Numbered Notes music notation has been redesigned to be easy to learn and fully functional. That means that it can write out Mozart, Bach, Chopin and everything else. Here is an overview of how we have tried to improve traditional notation to make it more functional and easier to learn.
We have redesigned the staves into a "12 Note Staff"
Each note is accounted for in the staff, and relates to a specific labeling of each key in sequential numeric order. Octave numbers precede the staff to define what range you are in...If the instrument plays in a certain range then that is what octave number you give it. Literal....direct information! Because each note is assigned a number you can determine intervals by just adding or subtracting the difference between two notes. Thus the interval between 1C and 8G is +7 (or a P5'th). Referring to the intervals in (half steps) allows for literal distances. So the intervals in a Major scale are Root+(2457911) or Root +(Mjr2, Mjr3, P4, P5, Mjr7 and Mjr7) The benefit to using numbers is you can just add the intervals to the Root note and determine what other notes are diatonic. So, in the key of 3 we apply a Major scale and get 3+(2457911) or 3,5,7,8,12,2 or A,E,F#,G,B,C#. Numbers are made for counting which is very helpful when navigating scale patterns applied to root notes!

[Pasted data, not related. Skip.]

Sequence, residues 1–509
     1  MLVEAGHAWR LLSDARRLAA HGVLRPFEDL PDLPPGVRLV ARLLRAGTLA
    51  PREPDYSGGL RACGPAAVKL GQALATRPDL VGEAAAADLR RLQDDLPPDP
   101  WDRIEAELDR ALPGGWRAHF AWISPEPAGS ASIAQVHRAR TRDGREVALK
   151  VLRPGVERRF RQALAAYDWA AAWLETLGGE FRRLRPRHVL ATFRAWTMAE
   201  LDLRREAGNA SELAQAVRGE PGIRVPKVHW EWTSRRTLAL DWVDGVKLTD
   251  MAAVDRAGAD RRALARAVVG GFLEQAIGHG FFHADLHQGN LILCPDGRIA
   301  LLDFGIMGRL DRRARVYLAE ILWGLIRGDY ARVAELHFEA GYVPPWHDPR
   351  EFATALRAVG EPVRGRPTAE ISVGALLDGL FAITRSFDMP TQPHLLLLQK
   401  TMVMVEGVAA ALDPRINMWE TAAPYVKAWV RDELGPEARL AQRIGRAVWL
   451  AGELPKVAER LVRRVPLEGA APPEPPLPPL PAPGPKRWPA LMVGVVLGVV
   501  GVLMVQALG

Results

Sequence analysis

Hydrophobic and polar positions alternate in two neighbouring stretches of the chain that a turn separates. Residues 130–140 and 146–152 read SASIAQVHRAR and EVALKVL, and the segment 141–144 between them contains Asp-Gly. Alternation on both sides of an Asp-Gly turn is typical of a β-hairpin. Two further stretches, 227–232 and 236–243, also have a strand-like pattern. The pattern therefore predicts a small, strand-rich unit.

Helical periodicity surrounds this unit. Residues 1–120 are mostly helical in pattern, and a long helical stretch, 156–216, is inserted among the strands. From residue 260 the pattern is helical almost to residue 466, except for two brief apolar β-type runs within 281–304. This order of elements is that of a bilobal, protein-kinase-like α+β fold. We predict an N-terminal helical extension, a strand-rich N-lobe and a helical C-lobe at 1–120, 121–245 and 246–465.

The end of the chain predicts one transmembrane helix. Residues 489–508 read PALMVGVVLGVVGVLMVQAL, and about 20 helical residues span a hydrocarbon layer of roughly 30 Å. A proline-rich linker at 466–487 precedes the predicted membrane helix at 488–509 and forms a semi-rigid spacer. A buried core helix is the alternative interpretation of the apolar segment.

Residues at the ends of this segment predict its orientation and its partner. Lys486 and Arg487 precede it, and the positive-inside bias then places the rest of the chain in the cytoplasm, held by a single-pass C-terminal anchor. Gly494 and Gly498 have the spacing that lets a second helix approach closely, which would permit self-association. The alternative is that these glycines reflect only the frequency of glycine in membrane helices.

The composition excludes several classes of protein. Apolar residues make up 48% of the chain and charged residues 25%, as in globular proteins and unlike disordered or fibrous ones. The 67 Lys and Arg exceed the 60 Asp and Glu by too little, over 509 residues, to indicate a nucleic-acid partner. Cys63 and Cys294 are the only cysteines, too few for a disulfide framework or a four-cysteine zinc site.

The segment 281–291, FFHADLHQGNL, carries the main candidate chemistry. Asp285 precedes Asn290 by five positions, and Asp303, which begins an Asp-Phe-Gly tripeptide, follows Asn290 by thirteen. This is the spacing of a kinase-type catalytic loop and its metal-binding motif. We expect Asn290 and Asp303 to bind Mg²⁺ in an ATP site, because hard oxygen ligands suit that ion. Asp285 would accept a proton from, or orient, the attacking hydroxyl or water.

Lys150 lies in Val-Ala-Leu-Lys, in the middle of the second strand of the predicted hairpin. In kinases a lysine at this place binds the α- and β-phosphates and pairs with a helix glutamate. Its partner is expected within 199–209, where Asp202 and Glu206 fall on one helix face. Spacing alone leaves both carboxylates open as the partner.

Timing...is redesigned into a system called Counts Per Measure. The top number of a traditional "Key Signature" defines how many 'C.P.M's" there are. Each note is considered "single" unless modified to be "fractional" or "multiple"
All other types of articulation are possible and still function like Traditional Music Notation. Here is an example.
We have the ability to "convert" any song at any complexity to Numbered Notes, thus we can truly offer the potential to revolutionize music notation for the next generation.
We also have a free Iphone App allowing new users from around the world to learn to play music.
Music notation has evolved many times over the years. We hope Numbered Notes will earn its place in the great history of human innovations allowing for over 90% of the people around the world to play music. It is as easy as play by numbers but also has all the complexities to go as far as you want to take it!
What do you think?....
Have you ever thought about why it looks the way it does?
If it could be better?
How many people would benefit from an updated version of music notation?
Your thoughts? Please post....